FIG. 5 is a diagram of the temperature plane 400 of FIG. 4 wherein the second operating point 406 has been moved below and to the left of the first operating point 404. The vector 408 is again directed from the first operating point 404 to the second operating point 406, and indicates a performance difference between operation at the second operating point 406 and the first operating point 404.

In FIG. 5, negative values of the change in process speed ΔP and the change in power supply voltage ΔV indicate the speed requirement of the second application is less than the SOC 200 application. The power dissipation is also expectedly reduced.

For example, assume the performance difference factor k associated with the vector 408 in FIG. 5 is determined to be 0.5, and r=k. The factor 0.5 may be applied to the resistance values of the interconnects 204 of the functional block 202A by, for example, multiplying the resistance values of the interconnects 204 of the functional block 202A by the factor 0.5. The resulting reduced resistance values are used to perform a timing analysis of the functional block 202A at the first operating point 404. If timing constraints are not met, the interconnects 204 of the functional block 202A may be modified. In any case, using the decreased resistance values advantageously ensures that the interconnects 204 of the functional block 202A are not over-designed such that, for example, additional layers of interconnect are unnecessarily required in the second application.

FIG. 6 is a flow chart of one embodiment of a method 600 for designing a circuit including multiple conductors (e.g., the functional block 202A of FIG. 2). The method 600 may be used, for example, to design one or more of the functional blocks 202A–202C of the SOC 200 of FIG. 2. During a first operation 602 of the method 600, a first operating point (e.g., the first operating point 404 of FIG. 4) is selected corresponding to a first application (e.g., use of the functional block 202A in the SOC 200 of FIG. 2 as described above).

During an operation 604, a second operating point (e.g., the second operating point 406 of FIG. 4) is selected corresponding to a second application (e.g., use of the functional block 202A in an application other than the SOC 200 of FIG. 2). A performance difference (e.g., a performance difference factor associated with the vector 408 in FIGS. 4 and 5) is determined between circuit operation at the first and second operating points during an operation 606.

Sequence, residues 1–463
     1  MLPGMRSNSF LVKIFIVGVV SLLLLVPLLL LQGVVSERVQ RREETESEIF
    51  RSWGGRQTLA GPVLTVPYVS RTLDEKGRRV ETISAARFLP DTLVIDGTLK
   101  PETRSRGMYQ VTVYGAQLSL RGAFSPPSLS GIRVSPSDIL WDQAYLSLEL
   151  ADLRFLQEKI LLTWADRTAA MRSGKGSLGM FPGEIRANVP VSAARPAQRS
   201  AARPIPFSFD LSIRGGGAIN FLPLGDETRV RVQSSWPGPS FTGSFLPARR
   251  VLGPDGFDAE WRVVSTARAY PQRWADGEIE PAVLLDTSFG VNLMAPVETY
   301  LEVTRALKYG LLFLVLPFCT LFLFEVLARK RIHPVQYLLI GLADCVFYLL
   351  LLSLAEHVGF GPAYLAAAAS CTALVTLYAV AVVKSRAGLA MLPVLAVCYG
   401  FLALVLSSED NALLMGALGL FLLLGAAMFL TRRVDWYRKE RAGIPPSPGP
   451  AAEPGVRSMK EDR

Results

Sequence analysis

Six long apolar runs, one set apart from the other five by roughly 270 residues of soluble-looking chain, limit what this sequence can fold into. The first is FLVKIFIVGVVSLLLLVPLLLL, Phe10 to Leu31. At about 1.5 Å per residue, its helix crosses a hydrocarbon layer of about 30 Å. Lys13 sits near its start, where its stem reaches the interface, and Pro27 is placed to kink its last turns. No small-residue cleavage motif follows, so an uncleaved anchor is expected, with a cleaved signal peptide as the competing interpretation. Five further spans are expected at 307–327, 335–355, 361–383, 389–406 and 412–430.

During an operation 608, the performance difference is used to compute a factor (e.g., the factor r described above). The factor is applied to resistance values of the conductors, thereby producing modified conductor resistance values, during an operation 610. For example, as described above, the factor r may be applied to the resistance values of the conductors by multiplying the resistance values of the conductors by the factor r, thereby producing the modified conductor resistance values.

During an operation 612, a timing analysis of the circuit is performed using the modified conductor resistance values. The timing analysis is performed to ensure the circuit will operate correctly in the presence of one or more timing constraints. If the timing constraints are not met, the conductors may be modified. In any case, using the modified resistance values advantageously ensures that the conductors are not over-designed or under-designed as described above. When a result of the timing analysis verifies the circuit will operate correctly in the presence of the one or more timing constraints, the circuit will also likely meet performance requirements of the second application.

It is noted that the method 600 may be applied to each of multiple circuits of a system-on-a-chip (SOC). For example, the method 600 may also be applied to the functional blocks 202B and 202C of the SOC 200 of FIG. 2. The resulting factors r may be greater than 1 for some circuits and less than 1 for others.

FIG. 7 is a diagram of a timing analysis system 700 for carrying out some or all of the operations of the method 600 of FIG. 6 described above. In the embodiment of FIG. 7, the timing analysis system 700 includes a computer system 702 and a medium 704 having computer software 706 and/or a data file 708 stored thereon. The computer system 702 includes a central processing unit (CPU) 710 coupled to a memory system 712 and to a device 714, all of which are located in an enclosure 716. The CPU 710 is also coupled to a keyboard 718, a mouse 720, and a monitor 722.